Black Death & the Great Plague

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Black Death & the Great Plague

'Bring out your dead!' / scienceclarified .com

‘Bring out your dead!’ / scienceclarified .com

The most atrocious epidemic of bubonic and pneumonic plague recorded, the Black Death started circa 1347 in Europe. The Tartar army, just arrived at the port of Caffa after campaigns in the Crimea, were shipped in boats swarming with rats carrying infectious fleas. In this way the plague was spread into Southern Europe.

By 1348 it had reached France, Spain and England: one year later Germany, Scandinavia and Russia. Due to lack of proper recording measures, the exact number of deaths caused by the 14th century plague is unknown – but there are estimates of more than twenty-five million. In England monks at the monasteries, already making notes that have survived to help historians, calculated in England alone that one-third of the population was lost to the Black Death, as it was called.

Effects were longlasting and deep; as the part of the population most affected, the agricultural classes in the country (those who survived) were put in a strong position. The demand for labour led to the substitution of wages for labour services, and peasant agitation for improvements led to agrarian revolts.

The Church, no mean power in the 14th century, was also affected, with hardly-trained priests ordained early and in haste to make up for the clerical dead. All over Europe there was mass hysteria and a feeling of helplessness, but this did have one bright result: the horrors were reflected in both art and literature. By 1350 the Black Death had vanished, but there were further outbreaks at various times until the 17th century. The irony is that had penicillin been discovered earlier than it was, the plague could have been controlled within a short time, as the bubonic plague virus is killed stone dead by it.

The Great Plague


  In 1664 the Plague returned, this time called Great. It was equally as disastrous as the Black Death, but was confined mostly to London and south-east England. Parts of the country escaped it altogether, especially in the healthy West Country.

There had been no grave outbreak for more than 30 years and it was unexpected. Half a million people inhabited Londonat the time and around a fifth died. Commerce in the City vanished. Business came to a standstill. The royal court moved quickly into the countryside and was wise to do so, though the epidemic had long tentacles. Worst hit was a village in Derbyshire in the north of England. It is said that the plague reached this village called Eyam, in a box of infected clothes. The villagers must have been a spirited lot, because they isolated themselves from other villages by force, and stood their ground alone. Three hundred died at Eyam, out of a total of three hundred and fifty souls.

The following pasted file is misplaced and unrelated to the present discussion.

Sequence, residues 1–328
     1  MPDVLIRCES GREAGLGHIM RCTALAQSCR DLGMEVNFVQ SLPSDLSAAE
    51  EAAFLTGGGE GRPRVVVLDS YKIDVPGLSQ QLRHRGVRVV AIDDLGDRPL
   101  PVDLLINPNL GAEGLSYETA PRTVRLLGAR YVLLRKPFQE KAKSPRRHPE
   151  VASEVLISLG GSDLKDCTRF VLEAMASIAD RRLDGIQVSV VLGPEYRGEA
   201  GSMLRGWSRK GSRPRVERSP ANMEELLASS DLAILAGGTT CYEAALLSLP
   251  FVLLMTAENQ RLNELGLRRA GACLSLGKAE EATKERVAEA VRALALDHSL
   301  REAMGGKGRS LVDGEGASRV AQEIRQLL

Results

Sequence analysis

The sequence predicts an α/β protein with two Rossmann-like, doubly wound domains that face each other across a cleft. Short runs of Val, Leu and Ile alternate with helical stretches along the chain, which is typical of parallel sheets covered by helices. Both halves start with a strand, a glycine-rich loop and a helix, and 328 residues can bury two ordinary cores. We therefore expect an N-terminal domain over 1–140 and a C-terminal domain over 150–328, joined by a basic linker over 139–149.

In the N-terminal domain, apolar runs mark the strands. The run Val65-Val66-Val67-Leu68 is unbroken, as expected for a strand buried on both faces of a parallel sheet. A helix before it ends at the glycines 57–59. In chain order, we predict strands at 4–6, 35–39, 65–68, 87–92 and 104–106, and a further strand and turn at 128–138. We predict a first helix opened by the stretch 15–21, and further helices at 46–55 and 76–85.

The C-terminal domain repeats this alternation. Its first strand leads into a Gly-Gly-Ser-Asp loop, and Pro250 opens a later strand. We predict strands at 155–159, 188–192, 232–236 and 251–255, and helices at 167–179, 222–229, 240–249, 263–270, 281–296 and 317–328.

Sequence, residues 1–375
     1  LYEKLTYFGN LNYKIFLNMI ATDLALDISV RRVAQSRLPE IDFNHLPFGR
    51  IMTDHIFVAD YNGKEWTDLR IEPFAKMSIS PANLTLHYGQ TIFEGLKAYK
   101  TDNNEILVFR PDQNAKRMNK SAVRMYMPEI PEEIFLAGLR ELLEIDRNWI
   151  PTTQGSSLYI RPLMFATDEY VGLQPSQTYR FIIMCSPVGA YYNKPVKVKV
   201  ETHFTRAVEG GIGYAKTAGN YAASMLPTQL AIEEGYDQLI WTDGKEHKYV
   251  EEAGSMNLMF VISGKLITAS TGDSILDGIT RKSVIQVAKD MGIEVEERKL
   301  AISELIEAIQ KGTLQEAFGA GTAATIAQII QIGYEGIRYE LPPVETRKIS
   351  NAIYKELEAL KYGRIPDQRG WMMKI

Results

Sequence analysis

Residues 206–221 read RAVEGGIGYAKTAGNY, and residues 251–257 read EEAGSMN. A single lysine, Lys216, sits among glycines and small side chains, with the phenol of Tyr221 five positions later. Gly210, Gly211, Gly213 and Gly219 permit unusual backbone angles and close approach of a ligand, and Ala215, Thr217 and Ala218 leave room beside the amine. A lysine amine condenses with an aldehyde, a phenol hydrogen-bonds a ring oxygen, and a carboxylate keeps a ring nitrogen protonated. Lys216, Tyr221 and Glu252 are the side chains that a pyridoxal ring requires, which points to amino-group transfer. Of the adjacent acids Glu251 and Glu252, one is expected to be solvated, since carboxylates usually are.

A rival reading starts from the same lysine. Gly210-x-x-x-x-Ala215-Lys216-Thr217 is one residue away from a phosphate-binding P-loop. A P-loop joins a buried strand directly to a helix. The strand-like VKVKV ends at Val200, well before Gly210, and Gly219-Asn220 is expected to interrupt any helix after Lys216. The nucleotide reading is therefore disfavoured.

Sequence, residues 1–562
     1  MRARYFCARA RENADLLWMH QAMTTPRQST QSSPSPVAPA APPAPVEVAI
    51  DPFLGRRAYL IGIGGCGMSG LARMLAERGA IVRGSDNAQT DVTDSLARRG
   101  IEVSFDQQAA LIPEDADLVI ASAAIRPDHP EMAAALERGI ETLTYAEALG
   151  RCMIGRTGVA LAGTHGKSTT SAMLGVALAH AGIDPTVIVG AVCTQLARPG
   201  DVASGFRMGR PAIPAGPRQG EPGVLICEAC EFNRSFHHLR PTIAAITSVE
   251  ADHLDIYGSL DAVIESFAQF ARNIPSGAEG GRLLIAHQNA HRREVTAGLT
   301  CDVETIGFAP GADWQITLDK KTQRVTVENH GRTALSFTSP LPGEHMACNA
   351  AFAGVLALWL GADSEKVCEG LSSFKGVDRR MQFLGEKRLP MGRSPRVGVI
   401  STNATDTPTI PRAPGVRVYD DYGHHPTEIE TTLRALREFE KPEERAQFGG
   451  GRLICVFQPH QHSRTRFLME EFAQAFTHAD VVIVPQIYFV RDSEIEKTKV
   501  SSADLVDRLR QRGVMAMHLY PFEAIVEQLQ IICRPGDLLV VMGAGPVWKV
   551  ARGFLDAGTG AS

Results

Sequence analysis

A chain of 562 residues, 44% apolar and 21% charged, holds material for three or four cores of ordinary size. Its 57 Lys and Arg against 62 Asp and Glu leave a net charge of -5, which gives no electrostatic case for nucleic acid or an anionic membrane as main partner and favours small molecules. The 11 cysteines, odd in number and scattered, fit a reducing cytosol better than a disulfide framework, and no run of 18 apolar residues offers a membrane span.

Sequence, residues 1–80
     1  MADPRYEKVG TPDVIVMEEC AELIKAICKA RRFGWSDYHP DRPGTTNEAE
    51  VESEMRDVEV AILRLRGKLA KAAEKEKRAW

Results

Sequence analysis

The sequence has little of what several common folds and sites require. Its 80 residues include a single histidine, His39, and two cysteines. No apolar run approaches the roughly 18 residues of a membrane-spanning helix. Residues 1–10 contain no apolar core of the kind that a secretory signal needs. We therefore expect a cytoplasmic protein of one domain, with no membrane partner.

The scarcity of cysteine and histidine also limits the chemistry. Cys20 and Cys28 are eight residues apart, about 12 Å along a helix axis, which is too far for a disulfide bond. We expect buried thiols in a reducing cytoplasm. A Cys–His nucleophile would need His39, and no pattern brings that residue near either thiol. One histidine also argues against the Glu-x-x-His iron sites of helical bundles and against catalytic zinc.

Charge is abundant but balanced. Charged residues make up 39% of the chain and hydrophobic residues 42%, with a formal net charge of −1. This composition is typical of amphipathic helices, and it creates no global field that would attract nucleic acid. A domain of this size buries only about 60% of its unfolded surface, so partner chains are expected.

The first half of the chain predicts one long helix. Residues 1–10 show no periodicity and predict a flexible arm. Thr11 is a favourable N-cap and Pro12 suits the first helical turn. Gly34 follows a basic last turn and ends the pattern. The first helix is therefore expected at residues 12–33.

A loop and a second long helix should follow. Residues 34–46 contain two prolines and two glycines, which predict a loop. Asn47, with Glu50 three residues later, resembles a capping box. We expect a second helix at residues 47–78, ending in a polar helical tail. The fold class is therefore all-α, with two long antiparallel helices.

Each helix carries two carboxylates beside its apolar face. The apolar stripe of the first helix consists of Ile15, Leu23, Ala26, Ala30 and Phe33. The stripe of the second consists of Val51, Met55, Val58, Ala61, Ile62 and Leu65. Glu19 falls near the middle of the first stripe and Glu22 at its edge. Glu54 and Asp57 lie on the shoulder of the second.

This time the Royal Society, dedicated to science and medicine, conducted post-mortems to try to established the cause of the plague, but without conspicuous success. At the height of the nightmare epidemic, plague pits had to be dug in London and the countryside to receive the dead in hundreds. Famous etchings of the period exist showing the collection of bodies house-to-house.

  After 1665 the plague disappeared again, mainly because London had gone up in flames in The Great Fire of London.  It was fire that cleansed the closely-packed slums in the filth of which the plague flourished. The disease has not yet re-appeared in London.

King Charles II and his brother the Duke of York famously helped fight the fires togetherwith the people of London, but the King is recorded as having remarked that the great fire was, after all, an excellent thing to have happened. Re-building of London started immediately, now that hundreds of filthy streets had been razed.

The Great Fire devastated much of London in 1666, starting in a baker’s shop. It raged for four days and nights, fanned by strong east winds.St. Paul’s was destroyed, together with many other buildings including eighty-seven other churches. Almost all old wooden buildings, such as private houses, went up in the flames. Samuel Pepys wrote about the Great Fire in his Journal.

Christopher Wren rebuilt St. Paul’s as it is now, and designed the Monument (still standing near a famous tube station), which commemorates the fire. It must be added that the Great Fire of London encouraged the expanding fire insurance business no end.

By | 2012-10-20T11:45:30+00:00 October 20th, 2012|British History, English History, Today, World History|0 Comments

About the Author:

‘Dean Swift’ is a pen name: the author has been a soldier; he has worked in sales, TV, the making of films, as a teacher of English and history and a journalist. He is married with three grown-up children. They live in Spain.

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